Monday, April 23, 2007

Religion in a Globalizing World

Pew Forum's biannual Faith Angle Conference on religion, politics and public life was held in Key West, Florida on December 2006.

Peter Berger, professor emeritus of religion, sociology and theology at Boston University, examined the globalization of religious pluralism and how the peaceful coexistence of different racial, ethnic and religious groups has become a global phenomenon. He argues that pluralism – not secularization – and the resulting emergence of religious choice is the best model for understanding religion in a globalizing world. A question-and-answer session followed his presentation.

i found the transcript of the scholarly discussion and few of the points discussed very interesting. just quoting a few highlighted areas. the complete transcripts link is at the end.

"We live in an age of overwhelming religious globalization"

"... what is happening with the globalization of religion is a globalization of pluralism. Pluralism, which was a much more geographically, much more limited phenomenon 150 or 200 years ago, has become a global phenomenon, and that has enormous implications ...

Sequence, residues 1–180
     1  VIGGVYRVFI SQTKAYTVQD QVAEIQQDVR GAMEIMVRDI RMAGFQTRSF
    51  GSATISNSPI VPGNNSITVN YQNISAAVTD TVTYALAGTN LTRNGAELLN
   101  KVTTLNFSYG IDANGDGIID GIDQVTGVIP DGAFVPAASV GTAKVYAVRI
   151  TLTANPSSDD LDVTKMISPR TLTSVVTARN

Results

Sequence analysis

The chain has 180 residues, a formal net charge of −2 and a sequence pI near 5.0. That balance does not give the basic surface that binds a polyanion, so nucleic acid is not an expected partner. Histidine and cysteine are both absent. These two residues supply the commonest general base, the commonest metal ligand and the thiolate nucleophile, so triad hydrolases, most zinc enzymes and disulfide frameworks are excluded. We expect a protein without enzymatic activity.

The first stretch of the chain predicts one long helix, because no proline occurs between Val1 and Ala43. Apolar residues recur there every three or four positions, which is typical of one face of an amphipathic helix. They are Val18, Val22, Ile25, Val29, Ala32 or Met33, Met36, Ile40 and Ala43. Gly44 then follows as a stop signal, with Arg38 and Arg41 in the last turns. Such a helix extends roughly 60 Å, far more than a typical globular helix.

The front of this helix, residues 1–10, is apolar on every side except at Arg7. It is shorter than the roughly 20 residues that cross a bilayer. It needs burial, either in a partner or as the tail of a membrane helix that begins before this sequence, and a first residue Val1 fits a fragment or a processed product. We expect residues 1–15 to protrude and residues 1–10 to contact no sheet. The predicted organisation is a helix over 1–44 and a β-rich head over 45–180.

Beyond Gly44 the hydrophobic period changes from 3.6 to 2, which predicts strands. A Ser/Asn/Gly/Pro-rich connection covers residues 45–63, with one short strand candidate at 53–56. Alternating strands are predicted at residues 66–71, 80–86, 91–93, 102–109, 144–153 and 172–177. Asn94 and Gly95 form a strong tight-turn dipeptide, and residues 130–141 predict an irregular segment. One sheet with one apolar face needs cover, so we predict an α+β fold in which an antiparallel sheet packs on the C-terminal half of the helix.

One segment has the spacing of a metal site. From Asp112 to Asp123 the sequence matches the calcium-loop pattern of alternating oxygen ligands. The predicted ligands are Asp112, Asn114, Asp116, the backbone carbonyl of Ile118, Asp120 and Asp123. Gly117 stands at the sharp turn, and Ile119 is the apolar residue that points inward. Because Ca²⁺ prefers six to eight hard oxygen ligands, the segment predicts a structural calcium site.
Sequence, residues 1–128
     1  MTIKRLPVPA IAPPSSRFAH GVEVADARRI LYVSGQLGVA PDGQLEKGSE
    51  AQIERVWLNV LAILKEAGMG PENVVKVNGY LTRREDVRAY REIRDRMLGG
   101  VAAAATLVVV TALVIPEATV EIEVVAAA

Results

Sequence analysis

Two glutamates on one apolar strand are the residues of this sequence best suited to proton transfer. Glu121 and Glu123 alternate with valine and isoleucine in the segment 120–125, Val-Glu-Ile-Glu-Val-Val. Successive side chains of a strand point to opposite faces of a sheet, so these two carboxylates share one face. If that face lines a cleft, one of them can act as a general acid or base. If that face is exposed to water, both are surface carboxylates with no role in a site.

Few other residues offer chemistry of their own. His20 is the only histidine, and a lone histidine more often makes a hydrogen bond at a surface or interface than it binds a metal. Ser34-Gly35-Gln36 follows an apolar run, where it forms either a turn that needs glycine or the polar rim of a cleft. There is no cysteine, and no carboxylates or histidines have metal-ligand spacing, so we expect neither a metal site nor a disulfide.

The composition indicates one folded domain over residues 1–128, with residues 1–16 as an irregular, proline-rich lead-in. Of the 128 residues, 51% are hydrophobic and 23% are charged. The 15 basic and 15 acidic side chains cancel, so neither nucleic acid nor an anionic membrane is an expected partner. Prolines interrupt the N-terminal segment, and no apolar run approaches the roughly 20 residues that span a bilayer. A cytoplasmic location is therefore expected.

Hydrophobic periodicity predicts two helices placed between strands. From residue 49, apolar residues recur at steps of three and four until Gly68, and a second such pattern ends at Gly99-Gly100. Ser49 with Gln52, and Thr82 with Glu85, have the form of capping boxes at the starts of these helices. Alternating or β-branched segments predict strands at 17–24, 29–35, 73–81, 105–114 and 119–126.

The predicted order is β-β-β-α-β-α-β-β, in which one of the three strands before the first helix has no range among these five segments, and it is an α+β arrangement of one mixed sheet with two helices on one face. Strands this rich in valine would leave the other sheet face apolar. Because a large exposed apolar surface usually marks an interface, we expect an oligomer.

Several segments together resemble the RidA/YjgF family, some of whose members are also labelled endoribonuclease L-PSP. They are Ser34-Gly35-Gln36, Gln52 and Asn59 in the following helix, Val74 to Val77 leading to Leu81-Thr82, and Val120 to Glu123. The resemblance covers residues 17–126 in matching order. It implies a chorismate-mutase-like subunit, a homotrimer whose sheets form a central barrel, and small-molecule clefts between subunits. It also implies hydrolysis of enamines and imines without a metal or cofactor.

I would also argue that in terms of the effect on religion, pluralism is about the most important global fact to look at – not secularization.

The idea was very simple: the more modernity, the less religion. Modernization means a decline in religion. I think it was wrong. And I, along with most people in the field, changed my mind about 25 or so years ago, not for some philosophical or theological reason, but simply because the empirical evidence made it impossible to adhere to this theory.

.. one reason why secularization theory just collapses under its own weight is the United States, a strongly religious country, and if modernity is the key variable, are you going to seriously argue that the United States is less modern than Stockholm?"

One of the prominent scholarly mind of our contemporary time, Peter Berger takes on subjects such as what is pluralism, modernity, secularity, denomination. The whole discussion transcript can be read here.

:: About The Pew Forum on Religion & Public Life | Launched in 2001, the forum seeks to promote a deeper understanding of issues at the intersection of religion and public affairs.

The Forum pursues its mission by delivering timely, impartial information to national opinion leaders, including government officials and journalists. As a nonpartisan, non-advocacy organization, the Forum does not take positions on policy debates. read more
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